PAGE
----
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round of Family Tree University courses began yesterday, but there’s still time
to sign up for this session! Of particular interest is Exploring
City Directories: How to Trace Your Family in Yesterday’s Yellow Pages. Course
instructor Patricia Van Skaik is the genealogy department director of the Public
Library of Cincinnati and Hamilton County, so she really knows her stuff. Read
this excerpt of a case study from the class to see for yourself:
The 1846 Cincinnati city directory reveals that photographer Charles Fontayne
operated a business in Cincinnati in 1845. In fact, in the 1840s and early 1850s he
did not live in Cincinnati, but instead one mile across the river in Newport, Kentucky.
However, he did not appear in any US federal census schedules until 1860.
William S. Porter’s family knew he moved to Cincinnati by 1850, but knew little about
him before then, including his reason for migrating to Cincinnati. The 1849 directory
reveals his arrival about a year after Fontayne’s and shows Porter becoming Fontayne’s
business partner. The photographic method of the time, the daguerreotype, was extraordinarily
expensive and could only be supported by a large and prosperous city.
Cincinnati was the sixth largest city in the United States, just behind Baltimore,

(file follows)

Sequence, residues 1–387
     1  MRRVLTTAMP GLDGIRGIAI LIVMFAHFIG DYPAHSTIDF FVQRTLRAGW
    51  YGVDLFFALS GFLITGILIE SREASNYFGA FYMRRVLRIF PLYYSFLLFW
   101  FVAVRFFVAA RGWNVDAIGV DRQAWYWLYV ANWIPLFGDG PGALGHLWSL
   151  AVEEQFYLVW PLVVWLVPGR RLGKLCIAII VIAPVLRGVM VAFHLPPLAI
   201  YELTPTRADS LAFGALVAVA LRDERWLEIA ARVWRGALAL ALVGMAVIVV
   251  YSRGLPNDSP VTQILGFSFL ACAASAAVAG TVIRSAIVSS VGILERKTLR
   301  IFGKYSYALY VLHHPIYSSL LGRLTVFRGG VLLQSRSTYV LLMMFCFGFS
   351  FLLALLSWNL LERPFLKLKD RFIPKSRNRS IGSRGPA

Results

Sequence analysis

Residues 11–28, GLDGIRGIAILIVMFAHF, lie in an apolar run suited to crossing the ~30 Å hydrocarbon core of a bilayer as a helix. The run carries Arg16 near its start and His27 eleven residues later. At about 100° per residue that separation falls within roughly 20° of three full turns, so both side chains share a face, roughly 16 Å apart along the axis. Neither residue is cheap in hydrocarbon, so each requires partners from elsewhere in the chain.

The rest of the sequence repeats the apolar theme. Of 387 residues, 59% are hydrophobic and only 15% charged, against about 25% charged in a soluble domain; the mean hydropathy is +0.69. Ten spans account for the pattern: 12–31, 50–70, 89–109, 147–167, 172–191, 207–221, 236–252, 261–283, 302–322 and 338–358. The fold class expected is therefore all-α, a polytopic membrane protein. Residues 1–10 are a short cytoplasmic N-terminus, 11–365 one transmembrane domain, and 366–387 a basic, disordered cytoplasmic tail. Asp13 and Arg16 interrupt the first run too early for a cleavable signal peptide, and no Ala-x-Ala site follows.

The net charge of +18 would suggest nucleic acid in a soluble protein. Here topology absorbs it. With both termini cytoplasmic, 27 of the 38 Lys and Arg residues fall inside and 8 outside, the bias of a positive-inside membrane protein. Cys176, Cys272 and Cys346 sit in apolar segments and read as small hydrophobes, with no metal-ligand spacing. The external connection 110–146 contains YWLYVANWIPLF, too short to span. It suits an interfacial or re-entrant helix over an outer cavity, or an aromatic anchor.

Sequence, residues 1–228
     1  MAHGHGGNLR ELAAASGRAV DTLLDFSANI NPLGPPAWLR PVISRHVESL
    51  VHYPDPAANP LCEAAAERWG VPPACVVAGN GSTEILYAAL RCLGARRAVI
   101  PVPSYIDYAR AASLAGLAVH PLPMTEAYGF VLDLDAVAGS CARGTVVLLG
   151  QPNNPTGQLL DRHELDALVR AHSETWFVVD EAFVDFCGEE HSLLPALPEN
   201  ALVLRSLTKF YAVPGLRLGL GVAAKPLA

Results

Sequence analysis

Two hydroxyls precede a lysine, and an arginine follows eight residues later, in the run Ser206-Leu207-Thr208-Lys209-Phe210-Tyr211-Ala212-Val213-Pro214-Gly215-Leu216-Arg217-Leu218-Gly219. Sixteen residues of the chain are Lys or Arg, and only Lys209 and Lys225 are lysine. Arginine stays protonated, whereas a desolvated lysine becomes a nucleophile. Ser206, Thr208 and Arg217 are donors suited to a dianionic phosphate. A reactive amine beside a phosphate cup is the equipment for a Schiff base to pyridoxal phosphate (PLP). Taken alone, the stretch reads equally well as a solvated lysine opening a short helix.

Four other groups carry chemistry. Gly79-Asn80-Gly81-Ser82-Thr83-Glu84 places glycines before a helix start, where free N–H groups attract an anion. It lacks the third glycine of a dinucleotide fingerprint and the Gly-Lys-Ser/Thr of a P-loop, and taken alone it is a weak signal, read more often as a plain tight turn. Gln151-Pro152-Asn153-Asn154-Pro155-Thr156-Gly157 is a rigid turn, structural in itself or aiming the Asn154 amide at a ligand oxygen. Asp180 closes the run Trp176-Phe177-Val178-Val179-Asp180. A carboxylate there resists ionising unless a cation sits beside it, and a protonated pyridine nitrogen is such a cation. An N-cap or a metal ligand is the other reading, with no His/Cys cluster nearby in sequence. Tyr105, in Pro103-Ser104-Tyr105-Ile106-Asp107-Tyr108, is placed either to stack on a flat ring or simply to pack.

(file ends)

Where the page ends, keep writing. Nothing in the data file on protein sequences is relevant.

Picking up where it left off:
and very cosmopolitan as revealed through the wide range of products, including luxury
goods, advertised in the directories. Photographers were an elite group with only
eight listed in the 1850 Cincinnati directory.
Applying the cluster strategy to the business associates led to looking for connections
between Fontayne and Porter before their partnership in Cincinnati. Baltimore city
directories from the early 1840s show Fontayne and Porter as business partners there.
We can conclude that Porter followed Fontayne to continue the business, a successful
endeavor as demonstrated by their ornate advertisement.
The Fontayne and Porter case study illustrates several of key concepts of delving
deeper into city directories:
- Use the cluster strategy with co-workers. Business associates may have worked together
elsewhere prior to their arrival in their current city.
- Chain migration — one individual traveling ahead to be joined later by another –
can apply to occupational groups.
- Business location is important and strategically chosen.
- Business owners may have lived in a different city or state.
- Read between the years and compare information about the industry and your ancestor.
- Look to advertisements for further information about the ancestor or company, including
its target audience and prosperity.
- Identification in a city directory points to new leads for genealogical sources.